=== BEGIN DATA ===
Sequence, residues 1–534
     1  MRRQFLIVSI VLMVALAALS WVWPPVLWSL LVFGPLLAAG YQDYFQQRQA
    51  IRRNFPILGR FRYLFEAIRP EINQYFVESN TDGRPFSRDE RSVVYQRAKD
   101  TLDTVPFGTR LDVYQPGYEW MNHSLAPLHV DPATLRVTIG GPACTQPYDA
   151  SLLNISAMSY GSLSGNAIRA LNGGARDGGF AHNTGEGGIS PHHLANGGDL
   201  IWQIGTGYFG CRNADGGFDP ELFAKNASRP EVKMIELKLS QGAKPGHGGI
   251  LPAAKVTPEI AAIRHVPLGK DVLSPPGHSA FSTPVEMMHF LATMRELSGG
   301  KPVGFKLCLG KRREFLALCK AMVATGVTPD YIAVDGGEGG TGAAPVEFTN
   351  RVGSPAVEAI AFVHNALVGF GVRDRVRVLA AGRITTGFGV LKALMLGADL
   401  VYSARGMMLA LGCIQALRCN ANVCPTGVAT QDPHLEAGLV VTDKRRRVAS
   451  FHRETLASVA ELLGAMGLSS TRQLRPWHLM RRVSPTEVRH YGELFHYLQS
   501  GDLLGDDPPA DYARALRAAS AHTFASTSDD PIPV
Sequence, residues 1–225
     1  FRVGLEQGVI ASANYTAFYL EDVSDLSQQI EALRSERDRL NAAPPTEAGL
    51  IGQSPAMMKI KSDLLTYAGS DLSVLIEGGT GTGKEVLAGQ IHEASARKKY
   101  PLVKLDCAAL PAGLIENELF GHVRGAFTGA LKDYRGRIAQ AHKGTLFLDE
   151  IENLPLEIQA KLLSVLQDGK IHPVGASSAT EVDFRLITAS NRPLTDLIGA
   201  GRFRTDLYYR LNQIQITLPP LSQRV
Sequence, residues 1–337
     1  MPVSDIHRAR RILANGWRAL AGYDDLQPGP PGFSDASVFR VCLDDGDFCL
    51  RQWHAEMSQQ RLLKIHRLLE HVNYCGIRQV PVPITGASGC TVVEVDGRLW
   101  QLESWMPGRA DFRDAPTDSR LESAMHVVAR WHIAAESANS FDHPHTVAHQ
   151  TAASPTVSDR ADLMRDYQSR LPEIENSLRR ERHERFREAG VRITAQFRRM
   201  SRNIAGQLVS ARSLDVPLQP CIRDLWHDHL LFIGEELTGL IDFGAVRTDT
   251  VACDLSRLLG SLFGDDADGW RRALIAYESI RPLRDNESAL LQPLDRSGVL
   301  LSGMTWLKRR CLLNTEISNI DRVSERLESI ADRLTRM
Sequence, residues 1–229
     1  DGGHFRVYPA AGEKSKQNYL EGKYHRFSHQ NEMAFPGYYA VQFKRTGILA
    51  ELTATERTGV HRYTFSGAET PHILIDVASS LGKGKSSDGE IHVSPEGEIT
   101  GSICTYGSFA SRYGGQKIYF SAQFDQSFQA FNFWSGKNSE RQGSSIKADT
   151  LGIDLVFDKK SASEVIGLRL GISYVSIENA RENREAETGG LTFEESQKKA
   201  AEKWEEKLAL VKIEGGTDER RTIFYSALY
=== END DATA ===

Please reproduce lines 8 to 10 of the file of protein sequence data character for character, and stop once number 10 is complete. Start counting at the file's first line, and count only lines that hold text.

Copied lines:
   301  KPVGFKLCLG KRREFLALCK AMVATGVTPD YIAVDGGEGG TGAAPVEFTN
   351  RVGSPAVEAI AFVHNALVGF GVRDRVRVLA AGRITTGFGV LKALMLGADL
   401  VYSARGMMLA LGCIQALRCN ANVCPTGVAT QDPHLEAGLV VTDKRRRVAS